The author who inspires more schauedenfreud than perhaps any other returns in September with a family drama that spans decades and continents as it follows Purity Tyler's quest to find her father. read more>>
Judging from the response to her Ted talks on creativity, there’s a huge audience awaiting Gilbert’s in-depth look at how inspiration and imagination can combine to unleash the “strange jewels” within us all. The author of Eat, Pray, Love will offer advice on how we can conquer our fears and lead a creative life—whether we’re authors, artists or accountants. read more>>
Paula McLain's The Paris Wife was one of the standouts among the crop of books starring the wives of famous men, a trend that launched with Nancy Horan's 2007 bestseller Loving Frank. On July 7, McLain's third novel will be published by Ballantine—but this time, she's taking on the life of a woman who can stand on her own: aviator Beryl Markham.
Markham was the first woman to complete a solo flight across the Atlantic, a feat she chronicled in her 1942 memoir West with the Night. According to early reports, McLain will also delve into Markham's rivalry with Out of Africa author Karen Blixen.
Any Paris Wife fans looking forward to this one?
Photo by Stephen Cutri.
If you need any proof that books aren't dead, just look to the children's and young adult industry, which continues to grow and dominate bestseller charts for adults and young readers alike.
To celebrate this "golden age" of children's and YA books, Time Magazine has compiled a list of all-time classics, both old and new. The children's list includes favorites such as The Giving Tree and Make Way for Ducklings, and my own personal favorite, Miss Rumphius. Check out the full list of 100 here, and vote for your favorite.
The young adult list is a little . . . let's say confusing, and we're not the only ones who feel this way. Books like Wonder—which is middle grade, not young adult—share space with A Monster Calls, and it's almost unfathomable to see Twilight and To Kill a Mockingbird on the same list. See the full 100 here.
Readers, what do you think?
The global phenomenon that is Harry Potter will never, ever end. (Insert maniacal laughter here.) A new deluxe, fully illustrated, full-color edition of Harry Potter and the Sorcerer's Stone is coming on October 6, 2015, from Scholastic.
It will be illustrated by Kate Greenaway Medal winner Jim Kay (A Monster Calls) and will be the first fully illustrated HP book. Scholastic recently released four new images from the book. Check out Kay's Ron, Hagrid, Hermione and Draco:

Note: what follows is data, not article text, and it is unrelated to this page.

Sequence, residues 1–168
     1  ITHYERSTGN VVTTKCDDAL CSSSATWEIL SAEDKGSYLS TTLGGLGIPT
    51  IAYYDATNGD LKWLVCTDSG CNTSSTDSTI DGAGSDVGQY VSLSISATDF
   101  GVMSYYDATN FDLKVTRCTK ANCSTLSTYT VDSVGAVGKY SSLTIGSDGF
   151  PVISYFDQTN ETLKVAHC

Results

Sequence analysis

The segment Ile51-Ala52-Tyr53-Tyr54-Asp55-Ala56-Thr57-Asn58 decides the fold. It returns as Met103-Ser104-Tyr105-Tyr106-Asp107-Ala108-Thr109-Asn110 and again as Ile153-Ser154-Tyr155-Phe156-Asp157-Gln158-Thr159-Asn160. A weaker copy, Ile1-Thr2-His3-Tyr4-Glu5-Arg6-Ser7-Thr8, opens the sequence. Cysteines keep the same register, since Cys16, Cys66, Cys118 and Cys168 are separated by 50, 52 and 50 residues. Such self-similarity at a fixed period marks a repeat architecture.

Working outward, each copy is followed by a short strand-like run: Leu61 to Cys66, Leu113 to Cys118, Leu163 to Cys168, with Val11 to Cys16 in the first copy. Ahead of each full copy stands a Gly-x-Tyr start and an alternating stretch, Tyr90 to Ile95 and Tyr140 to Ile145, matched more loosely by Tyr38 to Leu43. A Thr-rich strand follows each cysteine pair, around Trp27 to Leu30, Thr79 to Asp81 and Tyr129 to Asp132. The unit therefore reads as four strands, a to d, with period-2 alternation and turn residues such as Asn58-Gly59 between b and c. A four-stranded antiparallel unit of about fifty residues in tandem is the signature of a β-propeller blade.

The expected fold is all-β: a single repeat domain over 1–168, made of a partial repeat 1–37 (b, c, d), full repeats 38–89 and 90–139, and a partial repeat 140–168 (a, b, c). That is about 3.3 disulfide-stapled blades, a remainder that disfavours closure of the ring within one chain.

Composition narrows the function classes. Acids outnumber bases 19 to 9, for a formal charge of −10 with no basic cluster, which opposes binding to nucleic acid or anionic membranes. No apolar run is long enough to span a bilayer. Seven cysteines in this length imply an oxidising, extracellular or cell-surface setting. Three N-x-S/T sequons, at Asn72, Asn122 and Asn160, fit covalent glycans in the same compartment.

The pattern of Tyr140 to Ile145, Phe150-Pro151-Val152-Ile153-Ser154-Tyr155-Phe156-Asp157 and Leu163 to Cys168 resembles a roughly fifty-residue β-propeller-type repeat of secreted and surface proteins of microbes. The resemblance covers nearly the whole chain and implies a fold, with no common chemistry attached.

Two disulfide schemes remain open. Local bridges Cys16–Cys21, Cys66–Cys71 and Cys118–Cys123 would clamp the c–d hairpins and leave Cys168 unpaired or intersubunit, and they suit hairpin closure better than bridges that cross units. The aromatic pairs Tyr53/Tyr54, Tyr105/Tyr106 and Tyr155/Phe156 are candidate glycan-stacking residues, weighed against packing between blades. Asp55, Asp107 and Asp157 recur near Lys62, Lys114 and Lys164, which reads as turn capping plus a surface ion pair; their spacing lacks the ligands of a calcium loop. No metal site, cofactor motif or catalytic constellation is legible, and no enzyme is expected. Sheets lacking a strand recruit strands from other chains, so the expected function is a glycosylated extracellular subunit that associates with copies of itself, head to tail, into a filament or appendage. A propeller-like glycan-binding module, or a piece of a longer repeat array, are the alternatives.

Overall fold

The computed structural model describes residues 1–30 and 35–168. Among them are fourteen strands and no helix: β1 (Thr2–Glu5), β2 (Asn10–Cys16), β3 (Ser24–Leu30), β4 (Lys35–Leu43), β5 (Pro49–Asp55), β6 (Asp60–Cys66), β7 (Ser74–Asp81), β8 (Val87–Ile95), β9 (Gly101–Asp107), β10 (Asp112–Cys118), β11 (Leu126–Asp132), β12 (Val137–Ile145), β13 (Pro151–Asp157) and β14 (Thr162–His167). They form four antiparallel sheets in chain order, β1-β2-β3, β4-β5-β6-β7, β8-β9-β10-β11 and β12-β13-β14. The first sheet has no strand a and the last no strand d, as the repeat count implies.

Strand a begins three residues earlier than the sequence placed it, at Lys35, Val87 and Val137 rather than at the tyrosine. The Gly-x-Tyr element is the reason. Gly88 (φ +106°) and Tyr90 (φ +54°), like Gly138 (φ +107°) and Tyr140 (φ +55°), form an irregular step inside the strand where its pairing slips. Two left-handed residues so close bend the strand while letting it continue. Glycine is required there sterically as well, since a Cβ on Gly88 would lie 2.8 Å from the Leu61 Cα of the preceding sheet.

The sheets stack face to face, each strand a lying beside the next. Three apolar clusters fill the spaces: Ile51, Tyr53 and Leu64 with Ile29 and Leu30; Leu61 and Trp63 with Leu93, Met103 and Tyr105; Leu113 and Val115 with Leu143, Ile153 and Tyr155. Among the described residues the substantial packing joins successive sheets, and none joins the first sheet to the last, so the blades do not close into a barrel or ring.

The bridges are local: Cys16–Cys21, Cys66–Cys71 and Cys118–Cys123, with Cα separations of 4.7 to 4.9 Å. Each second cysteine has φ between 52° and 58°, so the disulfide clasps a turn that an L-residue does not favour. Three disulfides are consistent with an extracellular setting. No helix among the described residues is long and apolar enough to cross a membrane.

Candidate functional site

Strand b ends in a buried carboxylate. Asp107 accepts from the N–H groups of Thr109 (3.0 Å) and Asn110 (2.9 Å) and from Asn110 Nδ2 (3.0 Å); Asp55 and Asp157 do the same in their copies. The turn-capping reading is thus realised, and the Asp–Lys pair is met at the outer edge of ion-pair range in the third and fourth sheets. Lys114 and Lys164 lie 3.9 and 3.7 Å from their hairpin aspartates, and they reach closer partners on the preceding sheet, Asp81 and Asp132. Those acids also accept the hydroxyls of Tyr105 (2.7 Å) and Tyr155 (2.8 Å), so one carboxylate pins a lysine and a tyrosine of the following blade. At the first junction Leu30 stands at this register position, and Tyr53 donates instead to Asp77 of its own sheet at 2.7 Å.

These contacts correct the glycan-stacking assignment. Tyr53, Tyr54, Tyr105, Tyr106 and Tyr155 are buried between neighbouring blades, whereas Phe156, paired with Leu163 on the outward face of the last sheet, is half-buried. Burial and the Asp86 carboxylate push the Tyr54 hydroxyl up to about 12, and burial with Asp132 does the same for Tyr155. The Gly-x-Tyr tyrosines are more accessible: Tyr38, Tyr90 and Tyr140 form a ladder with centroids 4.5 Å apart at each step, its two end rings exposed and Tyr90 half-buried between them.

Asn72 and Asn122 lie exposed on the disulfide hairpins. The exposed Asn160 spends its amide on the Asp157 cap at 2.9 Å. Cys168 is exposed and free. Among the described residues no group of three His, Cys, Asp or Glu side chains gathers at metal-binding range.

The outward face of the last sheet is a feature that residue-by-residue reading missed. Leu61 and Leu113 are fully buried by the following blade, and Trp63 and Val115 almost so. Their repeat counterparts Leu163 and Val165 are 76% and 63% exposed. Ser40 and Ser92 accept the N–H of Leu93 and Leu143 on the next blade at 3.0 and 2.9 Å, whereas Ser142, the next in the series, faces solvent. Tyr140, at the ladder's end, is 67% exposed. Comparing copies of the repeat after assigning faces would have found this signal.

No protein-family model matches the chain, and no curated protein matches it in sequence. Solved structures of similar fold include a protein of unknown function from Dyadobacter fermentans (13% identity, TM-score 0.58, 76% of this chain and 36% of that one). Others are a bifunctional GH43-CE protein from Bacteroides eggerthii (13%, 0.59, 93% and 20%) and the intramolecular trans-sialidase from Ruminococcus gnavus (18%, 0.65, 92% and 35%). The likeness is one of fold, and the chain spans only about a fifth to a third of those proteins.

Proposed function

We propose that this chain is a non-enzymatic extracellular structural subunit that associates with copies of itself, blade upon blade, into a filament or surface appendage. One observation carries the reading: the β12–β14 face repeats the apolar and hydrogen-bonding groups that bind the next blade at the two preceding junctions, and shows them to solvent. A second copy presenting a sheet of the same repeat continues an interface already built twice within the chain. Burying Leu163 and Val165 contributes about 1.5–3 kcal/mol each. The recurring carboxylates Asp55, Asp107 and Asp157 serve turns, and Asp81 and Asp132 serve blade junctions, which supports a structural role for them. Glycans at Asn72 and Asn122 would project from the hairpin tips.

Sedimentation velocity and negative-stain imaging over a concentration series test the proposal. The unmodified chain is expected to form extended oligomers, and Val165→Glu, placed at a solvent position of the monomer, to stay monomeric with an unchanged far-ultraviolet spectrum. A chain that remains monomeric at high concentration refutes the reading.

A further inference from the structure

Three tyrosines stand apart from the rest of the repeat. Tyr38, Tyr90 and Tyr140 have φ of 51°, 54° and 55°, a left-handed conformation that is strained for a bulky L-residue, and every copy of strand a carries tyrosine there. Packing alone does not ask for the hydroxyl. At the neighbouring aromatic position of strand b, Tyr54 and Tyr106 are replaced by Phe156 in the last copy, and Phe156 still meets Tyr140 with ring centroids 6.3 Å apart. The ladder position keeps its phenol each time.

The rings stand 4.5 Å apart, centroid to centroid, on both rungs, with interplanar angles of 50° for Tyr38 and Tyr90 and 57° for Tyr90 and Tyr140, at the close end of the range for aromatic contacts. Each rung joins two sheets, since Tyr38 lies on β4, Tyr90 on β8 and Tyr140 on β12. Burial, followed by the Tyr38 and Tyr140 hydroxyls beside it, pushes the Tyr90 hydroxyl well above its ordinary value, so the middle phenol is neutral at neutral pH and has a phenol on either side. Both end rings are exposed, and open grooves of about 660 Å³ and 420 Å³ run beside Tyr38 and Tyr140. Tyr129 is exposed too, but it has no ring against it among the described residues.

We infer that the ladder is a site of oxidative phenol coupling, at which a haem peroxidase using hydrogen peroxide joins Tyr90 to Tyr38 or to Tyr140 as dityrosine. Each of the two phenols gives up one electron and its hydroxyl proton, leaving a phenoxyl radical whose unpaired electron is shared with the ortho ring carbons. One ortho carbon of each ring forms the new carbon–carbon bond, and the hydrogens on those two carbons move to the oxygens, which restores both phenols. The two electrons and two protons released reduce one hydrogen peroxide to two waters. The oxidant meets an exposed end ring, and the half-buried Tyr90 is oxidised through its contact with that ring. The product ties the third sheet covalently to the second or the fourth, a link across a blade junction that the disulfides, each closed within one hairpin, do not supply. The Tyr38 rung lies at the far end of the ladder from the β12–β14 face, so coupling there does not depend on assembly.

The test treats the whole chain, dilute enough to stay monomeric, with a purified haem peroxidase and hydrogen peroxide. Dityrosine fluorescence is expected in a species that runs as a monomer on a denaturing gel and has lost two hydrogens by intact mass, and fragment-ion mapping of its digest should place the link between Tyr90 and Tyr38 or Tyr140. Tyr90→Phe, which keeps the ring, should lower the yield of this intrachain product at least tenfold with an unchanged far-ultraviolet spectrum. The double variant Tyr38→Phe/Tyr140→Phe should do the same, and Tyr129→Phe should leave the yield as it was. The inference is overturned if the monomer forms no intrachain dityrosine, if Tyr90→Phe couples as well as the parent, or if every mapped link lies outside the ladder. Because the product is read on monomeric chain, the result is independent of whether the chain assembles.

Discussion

Elizabeth Gilbert found massive success with her memoir Eat, Pray, Love, and now the writer wants to share some of her magic with readers. Today, Riverhead Books announced that Gilbert will be releasing a book on creativity titled Big Magic: Creative Living Beyond Fear in September 2015. A press release from Riverhead states that with Big Magic, “Gilbert invites readers to embrace curiosity and to let go of needless suffering. She discusses the attitudes, approaches, and habits that allow the most creative life possible.”
This sounds like a promising book, and the cover is pretty cool, too! Check out how they made it in this video.
Are you looking forward to it?
Have you been staring at a blank page for a few days (or years), waiting for literary inspiration to strike? Good news! Through the end of January, Penguin Random House is hosting a series on their blog Biographile that features essays by successful authors on their writing process and habits.
In a press release, Penguin Random House states that "the series showcases original essays from more than forty fiction and nonfiction authors who share insights, tips, and poignant personal stories on how to get that first sentence on paper." Contributing authors include Maggie Shipstead, whose novel Astonish Me is our Top Pick for Book Clubs this month; Andy Weir, whose debut The Martian made him one of the breakout authors of 2014; David Levithan and many more. Check it out here and get writing!